Scribe sent me a novel by Heidi Sopinka which is to be published in April, inspired by the life of Leonora Carrington. 'The Dictionary of Animal Languages' is about history and histories. It sweeps through the twentieth century and across continents with the lightest of impressionist touches. In the foreground in sharp focus, an inner world, the story of a woman’s life, a life spent in rebellion from society, domesticity and definition. Sopinka’s novel shifts across beautifully-rendered landscapes and soundscapes, the intimate narrative oscillating back and forth between Ivory Frame’s past and her present, working like memory, with an ever-increasing urgency until at last they collide in a breathless conclusion.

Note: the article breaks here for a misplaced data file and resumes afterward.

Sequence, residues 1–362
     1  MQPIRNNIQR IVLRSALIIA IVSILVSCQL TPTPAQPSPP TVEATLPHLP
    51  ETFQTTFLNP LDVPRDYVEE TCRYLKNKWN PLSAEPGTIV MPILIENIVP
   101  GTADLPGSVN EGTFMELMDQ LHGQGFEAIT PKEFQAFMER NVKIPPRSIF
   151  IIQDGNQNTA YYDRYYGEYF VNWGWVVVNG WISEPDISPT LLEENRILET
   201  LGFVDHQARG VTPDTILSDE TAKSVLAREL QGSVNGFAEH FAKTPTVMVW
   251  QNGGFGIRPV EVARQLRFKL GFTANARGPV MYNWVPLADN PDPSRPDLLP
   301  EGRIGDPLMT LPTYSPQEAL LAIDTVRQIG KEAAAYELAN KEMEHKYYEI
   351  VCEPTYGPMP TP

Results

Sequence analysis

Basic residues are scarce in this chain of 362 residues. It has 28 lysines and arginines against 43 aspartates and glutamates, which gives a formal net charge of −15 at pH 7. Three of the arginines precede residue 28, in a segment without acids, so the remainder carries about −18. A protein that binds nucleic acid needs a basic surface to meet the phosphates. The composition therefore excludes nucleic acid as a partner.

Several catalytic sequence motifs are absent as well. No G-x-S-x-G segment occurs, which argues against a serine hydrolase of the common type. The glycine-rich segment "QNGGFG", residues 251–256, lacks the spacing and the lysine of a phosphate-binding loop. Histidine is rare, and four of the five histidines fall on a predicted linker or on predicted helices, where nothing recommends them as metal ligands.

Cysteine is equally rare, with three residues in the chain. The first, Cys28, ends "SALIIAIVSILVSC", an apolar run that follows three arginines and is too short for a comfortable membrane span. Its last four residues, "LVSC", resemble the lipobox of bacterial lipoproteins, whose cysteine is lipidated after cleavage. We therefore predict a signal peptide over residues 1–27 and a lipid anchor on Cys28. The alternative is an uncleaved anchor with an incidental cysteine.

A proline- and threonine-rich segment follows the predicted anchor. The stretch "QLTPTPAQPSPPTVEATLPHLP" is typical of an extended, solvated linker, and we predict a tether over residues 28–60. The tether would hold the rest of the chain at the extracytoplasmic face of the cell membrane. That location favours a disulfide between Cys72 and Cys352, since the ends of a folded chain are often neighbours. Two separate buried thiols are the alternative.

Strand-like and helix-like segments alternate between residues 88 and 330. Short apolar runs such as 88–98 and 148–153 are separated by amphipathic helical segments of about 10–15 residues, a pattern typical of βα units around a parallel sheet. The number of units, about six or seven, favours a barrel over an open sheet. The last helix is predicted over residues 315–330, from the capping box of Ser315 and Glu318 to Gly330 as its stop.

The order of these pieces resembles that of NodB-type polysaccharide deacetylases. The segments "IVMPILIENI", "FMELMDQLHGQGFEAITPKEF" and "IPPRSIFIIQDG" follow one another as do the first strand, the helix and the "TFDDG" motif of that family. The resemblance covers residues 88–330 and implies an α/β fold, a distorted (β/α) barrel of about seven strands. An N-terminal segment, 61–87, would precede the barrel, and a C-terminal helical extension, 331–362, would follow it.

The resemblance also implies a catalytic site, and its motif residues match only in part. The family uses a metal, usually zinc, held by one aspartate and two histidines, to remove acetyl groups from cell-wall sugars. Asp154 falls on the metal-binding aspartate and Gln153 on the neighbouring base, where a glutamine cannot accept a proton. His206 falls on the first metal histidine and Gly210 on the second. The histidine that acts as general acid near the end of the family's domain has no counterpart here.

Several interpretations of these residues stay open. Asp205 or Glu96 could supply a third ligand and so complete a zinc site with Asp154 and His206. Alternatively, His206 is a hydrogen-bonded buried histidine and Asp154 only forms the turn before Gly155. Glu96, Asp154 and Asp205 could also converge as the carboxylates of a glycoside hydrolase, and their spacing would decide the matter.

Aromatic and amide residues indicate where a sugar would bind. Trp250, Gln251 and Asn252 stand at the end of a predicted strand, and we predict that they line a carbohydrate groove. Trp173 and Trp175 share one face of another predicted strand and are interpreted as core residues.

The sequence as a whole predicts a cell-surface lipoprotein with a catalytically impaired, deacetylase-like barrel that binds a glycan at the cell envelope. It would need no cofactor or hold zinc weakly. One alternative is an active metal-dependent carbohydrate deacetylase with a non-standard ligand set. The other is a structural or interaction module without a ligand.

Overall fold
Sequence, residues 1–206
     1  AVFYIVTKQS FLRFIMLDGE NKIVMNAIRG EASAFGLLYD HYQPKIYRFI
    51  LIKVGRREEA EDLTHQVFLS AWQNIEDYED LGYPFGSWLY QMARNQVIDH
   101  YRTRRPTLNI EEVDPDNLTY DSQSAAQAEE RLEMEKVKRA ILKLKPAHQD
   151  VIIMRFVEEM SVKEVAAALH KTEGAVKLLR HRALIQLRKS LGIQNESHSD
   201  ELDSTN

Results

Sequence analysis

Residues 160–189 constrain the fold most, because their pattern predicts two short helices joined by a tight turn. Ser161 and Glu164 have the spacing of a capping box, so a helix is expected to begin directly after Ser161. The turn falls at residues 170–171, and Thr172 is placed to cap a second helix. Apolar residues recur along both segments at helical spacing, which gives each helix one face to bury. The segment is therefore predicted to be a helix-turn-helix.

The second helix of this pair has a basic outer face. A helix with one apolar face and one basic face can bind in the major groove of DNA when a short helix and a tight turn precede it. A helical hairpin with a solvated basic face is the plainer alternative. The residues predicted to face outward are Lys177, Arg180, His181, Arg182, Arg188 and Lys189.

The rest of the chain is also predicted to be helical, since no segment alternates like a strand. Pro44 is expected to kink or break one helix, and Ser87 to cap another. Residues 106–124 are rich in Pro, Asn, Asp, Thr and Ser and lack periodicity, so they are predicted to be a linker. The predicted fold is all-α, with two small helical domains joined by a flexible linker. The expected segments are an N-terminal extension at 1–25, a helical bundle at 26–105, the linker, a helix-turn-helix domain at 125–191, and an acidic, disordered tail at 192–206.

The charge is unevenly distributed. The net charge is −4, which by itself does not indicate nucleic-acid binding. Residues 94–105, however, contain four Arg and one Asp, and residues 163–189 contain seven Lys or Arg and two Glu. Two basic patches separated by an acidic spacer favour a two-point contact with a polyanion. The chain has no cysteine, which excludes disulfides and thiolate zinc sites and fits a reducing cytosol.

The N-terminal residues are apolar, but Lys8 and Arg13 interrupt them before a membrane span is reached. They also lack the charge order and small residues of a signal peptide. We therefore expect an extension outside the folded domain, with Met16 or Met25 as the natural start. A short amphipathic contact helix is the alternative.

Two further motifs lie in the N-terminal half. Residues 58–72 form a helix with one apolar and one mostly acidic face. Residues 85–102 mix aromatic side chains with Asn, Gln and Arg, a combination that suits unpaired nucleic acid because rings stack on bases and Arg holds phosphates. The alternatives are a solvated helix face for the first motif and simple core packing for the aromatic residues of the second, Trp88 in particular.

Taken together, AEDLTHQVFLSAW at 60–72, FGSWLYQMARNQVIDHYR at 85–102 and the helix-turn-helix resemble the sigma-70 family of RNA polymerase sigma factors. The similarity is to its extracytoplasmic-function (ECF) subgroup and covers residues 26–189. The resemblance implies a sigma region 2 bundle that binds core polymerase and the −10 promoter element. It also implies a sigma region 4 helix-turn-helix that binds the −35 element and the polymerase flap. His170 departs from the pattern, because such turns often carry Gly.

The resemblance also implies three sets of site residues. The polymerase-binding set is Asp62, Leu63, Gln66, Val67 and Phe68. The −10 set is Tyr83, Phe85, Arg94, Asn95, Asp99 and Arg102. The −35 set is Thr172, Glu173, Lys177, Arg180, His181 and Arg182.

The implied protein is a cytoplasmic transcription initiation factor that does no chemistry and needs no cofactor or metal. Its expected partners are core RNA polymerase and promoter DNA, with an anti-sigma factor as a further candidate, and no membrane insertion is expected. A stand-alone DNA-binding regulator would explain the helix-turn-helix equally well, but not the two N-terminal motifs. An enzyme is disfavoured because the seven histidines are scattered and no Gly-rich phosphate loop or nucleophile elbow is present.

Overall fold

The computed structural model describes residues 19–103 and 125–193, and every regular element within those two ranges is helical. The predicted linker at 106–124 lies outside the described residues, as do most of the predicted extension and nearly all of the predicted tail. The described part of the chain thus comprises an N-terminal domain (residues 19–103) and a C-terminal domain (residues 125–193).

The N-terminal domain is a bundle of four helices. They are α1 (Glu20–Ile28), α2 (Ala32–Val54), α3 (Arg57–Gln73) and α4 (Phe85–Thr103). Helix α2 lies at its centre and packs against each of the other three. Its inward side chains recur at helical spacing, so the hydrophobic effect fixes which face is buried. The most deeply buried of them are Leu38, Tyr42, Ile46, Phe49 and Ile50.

It is also about the characters who have peopled her life and their stories are seamlessly interwoven with her own. She collects their lives, memorialises them, just as she observes and records the sounds of the natural world, seeking to capture what George Eliot calls ‘that roar which lies on the other side of silence’. The novel pulses with beating wings and the violent cries of animals, here is nature, and indeed human nature, red in tooth and claw. Sensual and sensory, this is a story about the strength of the human spirit and it is about bodies, desire and irrevocable loss, told in prose that is fresh, urgent and lyrical. A passionate and compelling debut.